Forecasters predict the weather. Newspersons predict behaviors. So as we look toward Easter, we can paraphrase that well-known line to say “Friday looks bad–but Sunday’s comin’!”
What an amazing gift! Thinking of Jesus’ pain recently has brought back memories of prior Easters. The joy of celebrating the resurrection, covering a cross with flowers to reflect the “beauty instead of ashes” (Isaiah 61:3) that came out of Jesus’ suffering, happy times with family members. Then there was the Easter shortly after Jerry, my first husband, was diagnosed with terminal liver disease. I was in Japan on business (of course I’d asked his doctor and Jerry before going) and celebrated the Resurrection in a local English-speaking church. Meanwhile, Jerry and our friend, Lee Todd, went to church together in California and were invited to Mom’s for Easter lunch. Jerry broke down and couldn’t go. I came home early, soon after that. And last Easter, my mother passed from death to Life the night before Palm Sunday.
Scripture tells us there was “darkness over the whole land until the ninth hour” – i.e. from noon ’til 3 pm, when Jesus died. That darkness symbolizes the pain of separation from God. Even Jesus, God’s only Son, was separated from the Father, with whom He is One (“My God, my God, why have you forsaken me?”). Our Savior could have walked away from the Cross. He walked away from the mob trying to throw Him over a cliff.
All the people in the synagogue were furious when they heard this. They got up, drove him out of the town, and took him to the brow of the hill on which the town was built, in order to throw him off the cliff. But he walked right through the crowd and went on his way.Luke 4:28-30, NIV
He could have called angels to rescue Him. But no, He accepted the scorn and agony in obedience to the Father, in our place. Amazing grace!!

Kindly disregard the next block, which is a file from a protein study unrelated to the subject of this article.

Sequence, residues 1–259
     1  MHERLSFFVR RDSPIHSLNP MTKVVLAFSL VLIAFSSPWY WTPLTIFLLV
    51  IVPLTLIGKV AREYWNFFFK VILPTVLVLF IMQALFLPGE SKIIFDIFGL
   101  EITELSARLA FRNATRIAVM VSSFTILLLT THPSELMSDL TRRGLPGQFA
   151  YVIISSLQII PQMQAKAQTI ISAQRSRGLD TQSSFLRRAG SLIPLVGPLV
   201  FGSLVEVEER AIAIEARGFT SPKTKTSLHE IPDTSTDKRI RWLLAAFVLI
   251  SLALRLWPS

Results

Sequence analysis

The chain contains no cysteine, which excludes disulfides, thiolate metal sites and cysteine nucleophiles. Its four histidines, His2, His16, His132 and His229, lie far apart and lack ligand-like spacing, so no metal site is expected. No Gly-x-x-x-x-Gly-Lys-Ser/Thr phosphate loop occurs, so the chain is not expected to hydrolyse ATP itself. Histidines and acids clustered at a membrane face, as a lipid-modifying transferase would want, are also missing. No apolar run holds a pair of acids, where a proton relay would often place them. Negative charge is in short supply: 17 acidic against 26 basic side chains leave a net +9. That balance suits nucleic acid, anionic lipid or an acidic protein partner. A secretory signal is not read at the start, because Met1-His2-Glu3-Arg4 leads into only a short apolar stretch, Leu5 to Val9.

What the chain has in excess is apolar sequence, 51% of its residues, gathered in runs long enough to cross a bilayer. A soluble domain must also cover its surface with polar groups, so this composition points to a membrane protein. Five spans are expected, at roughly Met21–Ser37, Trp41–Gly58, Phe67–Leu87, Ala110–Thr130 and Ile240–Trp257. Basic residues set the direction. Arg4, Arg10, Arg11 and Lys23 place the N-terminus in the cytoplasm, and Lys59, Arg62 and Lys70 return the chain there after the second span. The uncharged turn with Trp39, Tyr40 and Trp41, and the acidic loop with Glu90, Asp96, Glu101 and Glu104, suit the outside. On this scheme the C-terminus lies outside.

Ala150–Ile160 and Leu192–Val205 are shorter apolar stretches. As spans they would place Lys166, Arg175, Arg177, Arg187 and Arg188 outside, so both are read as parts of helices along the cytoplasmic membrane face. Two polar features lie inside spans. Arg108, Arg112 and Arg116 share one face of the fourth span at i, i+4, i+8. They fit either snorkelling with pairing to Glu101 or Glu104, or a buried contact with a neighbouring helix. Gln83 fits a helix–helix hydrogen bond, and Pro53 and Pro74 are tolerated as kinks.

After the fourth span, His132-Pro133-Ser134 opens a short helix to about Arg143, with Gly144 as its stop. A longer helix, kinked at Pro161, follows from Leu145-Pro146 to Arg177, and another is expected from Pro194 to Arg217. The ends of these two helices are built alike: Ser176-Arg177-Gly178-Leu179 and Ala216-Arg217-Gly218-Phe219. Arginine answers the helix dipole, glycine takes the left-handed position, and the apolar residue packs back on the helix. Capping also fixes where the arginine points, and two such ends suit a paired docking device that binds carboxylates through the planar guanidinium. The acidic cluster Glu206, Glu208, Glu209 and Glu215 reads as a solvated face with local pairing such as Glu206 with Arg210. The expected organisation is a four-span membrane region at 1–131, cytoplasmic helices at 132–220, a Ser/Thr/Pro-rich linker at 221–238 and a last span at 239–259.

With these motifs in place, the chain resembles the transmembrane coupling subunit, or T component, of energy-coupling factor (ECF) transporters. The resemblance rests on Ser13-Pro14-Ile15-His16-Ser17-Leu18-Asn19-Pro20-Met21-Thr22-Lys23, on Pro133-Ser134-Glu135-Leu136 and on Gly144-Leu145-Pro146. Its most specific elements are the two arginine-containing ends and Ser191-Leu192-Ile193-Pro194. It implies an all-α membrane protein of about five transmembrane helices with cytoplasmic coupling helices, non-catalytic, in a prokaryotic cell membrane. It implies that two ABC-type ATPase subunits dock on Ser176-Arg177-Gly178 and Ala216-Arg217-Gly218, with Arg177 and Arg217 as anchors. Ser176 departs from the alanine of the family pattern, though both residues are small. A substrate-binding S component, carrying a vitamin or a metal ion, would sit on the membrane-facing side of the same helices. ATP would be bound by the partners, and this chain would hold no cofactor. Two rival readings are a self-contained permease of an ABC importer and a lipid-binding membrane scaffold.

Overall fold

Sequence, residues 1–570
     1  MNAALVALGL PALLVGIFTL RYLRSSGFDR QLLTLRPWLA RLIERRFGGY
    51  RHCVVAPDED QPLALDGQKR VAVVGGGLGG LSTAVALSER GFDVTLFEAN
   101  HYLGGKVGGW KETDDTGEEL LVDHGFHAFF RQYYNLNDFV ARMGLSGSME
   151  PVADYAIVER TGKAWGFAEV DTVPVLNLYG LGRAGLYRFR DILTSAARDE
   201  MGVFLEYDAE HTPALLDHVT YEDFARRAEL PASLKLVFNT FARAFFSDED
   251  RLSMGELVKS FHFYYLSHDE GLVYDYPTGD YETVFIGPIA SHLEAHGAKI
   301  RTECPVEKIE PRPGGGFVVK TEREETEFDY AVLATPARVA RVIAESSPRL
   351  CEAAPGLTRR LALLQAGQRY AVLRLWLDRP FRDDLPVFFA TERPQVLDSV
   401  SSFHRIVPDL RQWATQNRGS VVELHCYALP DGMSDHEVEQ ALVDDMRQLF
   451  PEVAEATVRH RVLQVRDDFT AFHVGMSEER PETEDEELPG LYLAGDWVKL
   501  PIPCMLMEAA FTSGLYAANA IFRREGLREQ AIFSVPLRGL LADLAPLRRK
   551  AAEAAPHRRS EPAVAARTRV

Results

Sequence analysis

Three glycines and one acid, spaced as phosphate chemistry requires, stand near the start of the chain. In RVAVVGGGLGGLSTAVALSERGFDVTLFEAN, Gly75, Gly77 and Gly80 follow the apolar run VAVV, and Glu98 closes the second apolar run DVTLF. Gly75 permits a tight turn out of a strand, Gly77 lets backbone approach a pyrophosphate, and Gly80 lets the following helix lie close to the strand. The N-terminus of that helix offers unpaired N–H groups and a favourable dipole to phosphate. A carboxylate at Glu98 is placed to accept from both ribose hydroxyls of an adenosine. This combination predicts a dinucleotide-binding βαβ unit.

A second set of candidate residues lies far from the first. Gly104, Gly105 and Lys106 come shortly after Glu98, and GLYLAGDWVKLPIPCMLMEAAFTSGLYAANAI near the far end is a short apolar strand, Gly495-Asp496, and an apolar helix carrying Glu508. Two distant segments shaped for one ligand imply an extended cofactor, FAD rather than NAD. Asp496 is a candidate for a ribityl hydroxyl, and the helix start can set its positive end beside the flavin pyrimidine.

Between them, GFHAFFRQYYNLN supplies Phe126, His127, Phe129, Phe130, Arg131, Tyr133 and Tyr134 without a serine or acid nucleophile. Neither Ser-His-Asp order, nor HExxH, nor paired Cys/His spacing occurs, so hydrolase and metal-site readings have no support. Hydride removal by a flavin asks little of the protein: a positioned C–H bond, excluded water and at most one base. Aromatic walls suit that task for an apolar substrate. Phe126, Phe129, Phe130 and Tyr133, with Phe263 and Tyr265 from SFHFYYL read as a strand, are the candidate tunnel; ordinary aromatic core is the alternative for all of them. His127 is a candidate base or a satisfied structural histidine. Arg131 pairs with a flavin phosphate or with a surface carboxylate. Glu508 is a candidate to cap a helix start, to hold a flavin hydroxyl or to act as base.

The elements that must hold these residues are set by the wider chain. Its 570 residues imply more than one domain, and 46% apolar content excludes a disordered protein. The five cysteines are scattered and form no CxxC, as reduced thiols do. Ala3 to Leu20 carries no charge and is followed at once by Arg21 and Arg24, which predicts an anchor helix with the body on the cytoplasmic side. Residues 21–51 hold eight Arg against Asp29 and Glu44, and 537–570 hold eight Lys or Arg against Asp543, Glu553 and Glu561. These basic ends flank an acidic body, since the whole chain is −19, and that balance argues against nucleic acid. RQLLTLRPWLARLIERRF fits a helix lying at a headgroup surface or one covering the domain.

Have you experienced that darkness? The feeling of separation from God and from others you love? I have. For my father, first husband and my mother–Resurrection! But for me, there were times of great darkness and grief.
Imagine the pain of Jesus’ disciples. They believed He was ushering in a new kingdom. And He was. They just didn’t understand that it was a kingdom that was not of this world. Now their leader, Rabbi, hero was dead. I imagine they felt not only grief, but betrayal. What happened to Jesus’ promises?
Before He died, Jesus told His disciples,
… “I am the way and the truth and the life. No one comes to the Father except through me. If you really know me, you will know my Father as well. From now on, you do know him and have seen him.”
Philip said, “Lord, show us the Father and that will be enough for us.”
Jesus answered: “Don’t you know me, Philip, even after I have been among you such a long time? Anyone who has seen me has seen the Father.”John 14:6-8, NIV
Amazing grace indeed, that He would die in our place.
So what is our response to His sacrifice?
Do we ignore Him, assign Him a “good man/great teacher” role, or accept Him as our King?
At the moment of Jesus’ death the heavy curtain at the entrance to the Temple was torn. That incident symbolized the opening of the veil–that through Jesus, all have access to God the Father. The good news was not only for the Hebrews, but for all people, including you and me! Forgiveness was granted to the man on the cross next to Jesus; to Saul, who persecuted and killed Christians before he met Jesus on the road to Damascus and became the apostle Paul. No sin too great for God to forgive!
I have questions that may not be answered until eternity. I don’t have it all together. I question why my mother’s body had such a hard time letting go when her mind and spirit were so ready to be in the presence of God. But this I declare–Jesus is my King! And one day, all my questions will be answered, my fears resolved, peace restored to the world as God intended.
So I encourage you this week to remember, “Today’s Friday … but Sunday’s Comin'” (you can listen to the whole piece at the link below). God be with you this Easter week!